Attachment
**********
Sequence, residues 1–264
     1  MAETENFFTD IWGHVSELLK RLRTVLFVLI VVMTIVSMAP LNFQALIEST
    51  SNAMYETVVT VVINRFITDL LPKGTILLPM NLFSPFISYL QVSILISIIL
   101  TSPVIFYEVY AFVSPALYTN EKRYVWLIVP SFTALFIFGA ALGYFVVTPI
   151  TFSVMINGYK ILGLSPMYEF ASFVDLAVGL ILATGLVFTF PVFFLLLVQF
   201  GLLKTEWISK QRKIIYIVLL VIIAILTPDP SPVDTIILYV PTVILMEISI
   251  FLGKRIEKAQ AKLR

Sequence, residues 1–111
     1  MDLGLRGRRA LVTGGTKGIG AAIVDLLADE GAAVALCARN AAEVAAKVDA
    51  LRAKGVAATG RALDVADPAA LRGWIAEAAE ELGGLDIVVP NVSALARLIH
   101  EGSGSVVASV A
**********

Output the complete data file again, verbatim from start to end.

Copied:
Sequence, residues 1–264
     1  MAETENFFTD IWGHVSELLK RLRTVLFVLI VVMTIVSMAP LNFQALIEST
    51  SNAMYETVVT VVINRFITDL LPKGTILLPM NLFSPFISYL QVSILISIIL
   101  TSPVIFYEVY AFVSPALYTN EKRYVWLIVP SFTALFIFGA ALGYFVVTPI
   151  TFSVMINGYK ILGLSPMYEF ASFVDLAVGL ILATGLVFTF PVFFLLLVQF
   201  GLLKTEWISK QRKIIYIVLL VIIAILTPDP SPVDTIILYV PTVILMEISI
   251  FLGKRIEKAQ AKLR

Sequence, residues 1–111
     1  MDLGLRGRRA LVTGGTKGIG AAIVDLLADE GAAVALCARN AAEVAAKVDA
    51  LRAKGVAATG RALDVADPAA LRGWIAEAAE ELGGLDIVVP NVSALARLIH
   101  EGSGSVVASV A